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Re: NFC: NFC server (techie computer geek stuff)

Tim Ayers wrote:

> From my perspective as the web coordinator, Chris Hedemark's idea has several
> attractions. More control is the foremost. But who's going to administrate this
> machine? I hardly have enough time to keep up with the website, so I won't even
> consider volunteering.

You raise a valid issue.  I am willing to spend *some* time on
administrative work.  Of course it could be argued that a system that is
well-tuned up front won't need much handholding.

> Our set up at Interspeed is perfectly satisfactory. Up-time is excellent. They
> provide CGI-capability so I can do some fun stuff. We have unlimited disk
> space. It costs $10/month. If we want to have our own domain name, it costs
> $20/month plus the InterNIC fee of $35/yr.

It sounds like from where you sit it would be best to LEAVE the web site
exactly where it is at?  I still think it would be nice for the NFC to
own a domain name which lends both credibility and portability (it is
relatively painless to move a domain from one ISP to another if you own
the domain).

> OTOH, it would be nifty to have our own mailing lists. It would be great to
> have a database server at our disposal. But I really worry about reliability of
> a server run by volunteers. What if our administrator goes on vacation. Our
> site and mailing lists could easily be down for a whole week. Yikes!

Yes this is true.

While I am a computer professional, I am not a DBA.  I couldn't really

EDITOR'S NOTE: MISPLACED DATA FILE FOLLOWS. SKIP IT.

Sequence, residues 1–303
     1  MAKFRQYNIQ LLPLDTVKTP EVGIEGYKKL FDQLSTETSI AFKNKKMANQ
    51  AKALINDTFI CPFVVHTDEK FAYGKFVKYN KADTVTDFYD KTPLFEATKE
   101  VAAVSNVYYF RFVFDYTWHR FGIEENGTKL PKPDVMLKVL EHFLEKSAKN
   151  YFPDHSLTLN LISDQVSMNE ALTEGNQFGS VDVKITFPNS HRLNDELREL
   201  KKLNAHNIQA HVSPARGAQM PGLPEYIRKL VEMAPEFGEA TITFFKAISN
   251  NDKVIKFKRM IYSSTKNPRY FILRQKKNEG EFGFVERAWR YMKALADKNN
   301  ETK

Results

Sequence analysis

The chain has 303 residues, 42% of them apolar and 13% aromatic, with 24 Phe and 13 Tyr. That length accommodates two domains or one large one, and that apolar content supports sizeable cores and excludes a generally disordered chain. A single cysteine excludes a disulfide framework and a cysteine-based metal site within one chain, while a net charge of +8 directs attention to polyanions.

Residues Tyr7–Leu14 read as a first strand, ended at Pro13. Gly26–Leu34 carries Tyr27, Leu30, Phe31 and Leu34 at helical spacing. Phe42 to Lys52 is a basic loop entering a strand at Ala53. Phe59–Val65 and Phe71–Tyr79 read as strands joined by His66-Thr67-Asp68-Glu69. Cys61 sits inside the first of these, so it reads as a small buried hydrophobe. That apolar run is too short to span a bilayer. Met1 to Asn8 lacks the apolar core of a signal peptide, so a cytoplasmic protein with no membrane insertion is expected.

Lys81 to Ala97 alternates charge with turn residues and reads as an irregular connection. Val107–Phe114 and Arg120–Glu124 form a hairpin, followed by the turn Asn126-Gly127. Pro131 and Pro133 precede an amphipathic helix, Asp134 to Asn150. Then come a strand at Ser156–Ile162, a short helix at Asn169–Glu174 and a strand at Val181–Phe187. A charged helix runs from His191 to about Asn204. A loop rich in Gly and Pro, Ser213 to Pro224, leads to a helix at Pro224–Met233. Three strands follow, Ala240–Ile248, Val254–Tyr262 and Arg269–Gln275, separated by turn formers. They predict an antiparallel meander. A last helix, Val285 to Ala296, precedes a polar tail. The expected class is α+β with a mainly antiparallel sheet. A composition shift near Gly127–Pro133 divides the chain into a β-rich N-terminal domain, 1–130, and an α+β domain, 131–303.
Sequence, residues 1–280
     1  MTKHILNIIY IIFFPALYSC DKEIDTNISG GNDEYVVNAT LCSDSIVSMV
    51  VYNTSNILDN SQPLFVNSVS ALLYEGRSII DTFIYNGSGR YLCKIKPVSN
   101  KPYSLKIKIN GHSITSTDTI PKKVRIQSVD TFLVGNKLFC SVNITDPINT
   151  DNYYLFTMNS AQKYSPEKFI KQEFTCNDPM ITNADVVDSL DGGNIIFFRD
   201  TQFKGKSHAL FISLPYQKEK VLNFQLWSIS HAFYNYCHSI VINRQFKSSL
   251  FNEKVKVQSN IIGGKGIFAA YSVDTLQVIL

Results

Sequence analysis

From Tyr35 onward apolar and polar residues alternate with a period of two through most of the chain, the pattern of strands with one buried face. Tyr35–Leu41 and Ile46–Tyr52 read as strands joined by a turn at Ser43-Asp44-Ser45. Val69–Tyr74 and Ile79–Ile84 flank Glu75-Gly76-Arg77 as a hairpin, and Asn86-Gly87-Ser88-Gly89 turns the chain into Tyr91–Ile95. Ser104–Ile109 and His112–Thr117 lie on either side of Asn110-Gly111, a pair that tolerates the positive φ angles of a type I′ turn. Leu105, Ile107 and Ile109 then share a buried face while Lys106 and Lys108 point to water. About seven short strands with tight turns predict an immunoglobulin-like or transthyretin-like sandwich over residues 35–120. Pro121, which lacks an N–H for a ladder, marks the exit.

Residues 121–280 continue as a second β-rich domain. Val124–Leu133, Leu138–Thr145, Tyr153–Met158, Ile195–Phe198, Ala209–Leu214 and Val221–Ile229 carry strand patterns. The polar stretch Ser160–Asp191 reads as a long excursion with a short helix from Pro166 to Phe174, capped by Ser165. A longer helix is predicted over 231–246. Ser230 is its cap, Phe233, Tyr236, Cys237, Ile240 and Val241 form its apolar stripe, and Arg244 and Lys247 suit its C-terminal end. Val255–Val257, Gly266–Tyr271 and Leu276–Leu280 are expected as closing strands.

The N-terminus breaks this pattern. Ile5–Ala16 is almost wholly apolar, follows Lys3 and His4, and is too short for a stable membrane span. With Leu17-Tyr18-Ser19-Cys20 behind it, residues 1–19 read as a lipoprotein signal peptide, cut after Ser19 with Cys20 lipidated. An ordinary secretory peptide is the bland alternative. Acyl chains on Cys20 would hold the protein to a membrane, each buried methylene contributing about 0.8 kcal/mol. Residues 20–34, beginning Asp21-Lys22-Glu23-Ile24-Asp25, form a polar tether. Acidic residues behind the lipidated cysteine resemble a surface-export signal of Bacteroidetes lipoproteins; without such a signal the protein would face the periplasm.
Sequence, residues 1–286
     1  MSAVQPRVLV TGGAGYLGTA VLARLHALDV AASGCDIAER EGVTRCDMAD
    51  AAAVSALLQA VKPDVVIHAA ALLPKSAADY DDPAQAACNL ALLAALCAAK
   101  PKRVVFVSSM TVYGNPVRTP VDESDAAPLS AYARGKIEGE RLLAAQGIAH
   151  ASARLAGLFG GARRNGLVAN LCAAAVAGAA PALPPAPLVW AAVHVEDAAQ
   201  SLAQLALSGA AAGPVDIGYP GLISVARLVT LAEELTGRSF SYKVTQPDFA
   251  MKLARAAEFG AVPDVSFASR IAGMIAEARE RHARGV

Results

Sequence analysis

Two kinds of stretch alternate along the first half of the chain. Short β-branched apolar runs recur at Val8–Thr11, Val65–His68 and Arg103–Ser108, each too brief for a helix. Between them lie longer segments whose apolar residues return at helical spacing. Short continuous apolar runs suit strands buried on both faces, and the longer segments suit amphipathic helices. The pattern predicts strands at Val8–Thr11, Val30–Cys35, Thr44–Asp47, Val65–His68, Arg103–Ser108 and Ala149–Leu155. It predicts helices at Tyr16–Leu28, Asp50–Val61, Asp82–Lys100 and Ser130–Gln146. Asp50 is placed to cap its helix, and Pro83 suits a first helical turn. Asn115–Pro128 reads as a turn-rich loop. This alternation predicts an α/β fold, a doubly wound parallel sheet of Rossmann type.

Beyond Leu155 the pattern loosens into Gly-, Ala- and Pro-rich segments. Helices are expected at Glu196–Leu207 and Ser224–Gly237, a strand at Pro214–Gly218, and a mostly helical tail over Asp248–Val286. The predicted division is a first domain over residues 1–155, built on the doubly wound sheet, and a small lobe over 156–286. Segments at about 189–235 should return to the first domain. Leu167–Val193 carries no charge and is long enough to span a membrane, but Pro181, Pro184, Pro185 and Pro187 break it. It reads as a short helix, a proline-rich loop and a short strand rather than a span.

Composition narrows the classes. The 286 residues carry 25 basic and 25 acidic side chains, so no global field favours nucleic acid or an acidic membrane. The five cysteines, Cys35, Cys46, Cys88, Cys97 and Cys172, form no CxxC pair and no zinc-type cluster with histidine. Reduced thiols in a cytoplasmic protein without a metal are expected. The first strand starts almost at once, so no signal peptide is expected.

volunteer to run a database in all honesty.

E-mail services I can handle, though.  I am already running my own
personal domain (yonderway.com) and have a small mail server which also
handles a number of mailing lists over a part-time dialup connection.

E-mail services are, for the most part, fairly hands-free.  Most of the
maintenance deals with adding or removing accounts, handholding
subscribe/unsubscribe requests for the mailing lists, etc.  One
volunteer can probably handle the day-to-day responsibilities with
probably no more than one hour invested per week.  In my case,
yonderway.com requires less time than that for mail administration.

It would be trivial to get interspeed to make the necessary adjustments
to their DNS tables to shift the web site to www.[domain].org and I'd
bet they could maintain the link to nativefish.interspeed.net to reduce
confusion.  Similarly trivial would be the setup to get email flowing to
an NFC domain.

Before we start talking about the details of what we can and cannot do,
and who is going to volunteer to do things on an ongoing basis, should
we not first consider what it is that the NFC *wants* out of an internet
presence?  I'd hate to define a solution before defining the problem. 

In any case, I'm sending my $$ off this weekend to join.  I'm interested
in volunteering for two things for the NFC:

1) Partial internet administration.  The web site and the mailing lists
are already in good hands.  I don't mind running the email services (it
sounds like this is something that many would like to see?).  Maybe a